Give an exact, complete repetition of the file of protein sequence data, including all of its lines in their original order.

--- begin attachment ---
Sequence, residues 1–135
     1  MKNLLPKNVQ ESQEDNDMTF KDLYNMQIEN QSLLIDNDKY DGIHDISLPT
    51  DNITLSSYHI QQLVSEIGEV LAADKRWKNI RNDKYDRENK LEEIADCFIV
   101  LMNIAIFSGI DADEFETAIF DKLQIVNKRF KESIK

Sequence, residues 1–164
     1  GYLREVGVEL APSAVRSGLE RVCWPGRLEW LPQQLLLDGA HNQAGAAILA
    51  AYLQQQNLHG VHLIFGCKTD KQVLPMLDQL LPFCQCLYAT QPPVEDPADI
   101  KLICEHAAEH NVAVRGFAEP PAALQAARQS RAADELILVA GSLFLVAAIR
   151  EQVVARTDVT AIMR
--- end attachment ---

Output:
Sequence, residues 1–135
     1  MKNLLPKNVQ ESQEDNDMTF KDLYNMQIEN QSLLIDNDKY DGIHDISLPT
    51  DNITLSSYHI QQLVSEIGEV LAADKRWKNI RNDKYDRENK LEEIADCFIV
   101  LMNIAIFSGI DADEFETAIF DKLQIVNKRF KESIK

Sequence, residues 1–164
     1  GYLREVGVEL APSAVRSGLE RVCWPGRLEW LPQQLLLDGA HNQAGAAILA
    51  AYLQQQNLHG VHLIFGCKTD KQVLPMLDQL LPFCQCLYAT QPPVEDPADI
   101  KLICEHAAEH NVAVRGFAEP PAALQAARQS RAADELILVA GSLFLVAAIR
   151  EQVVARTDVT AIMR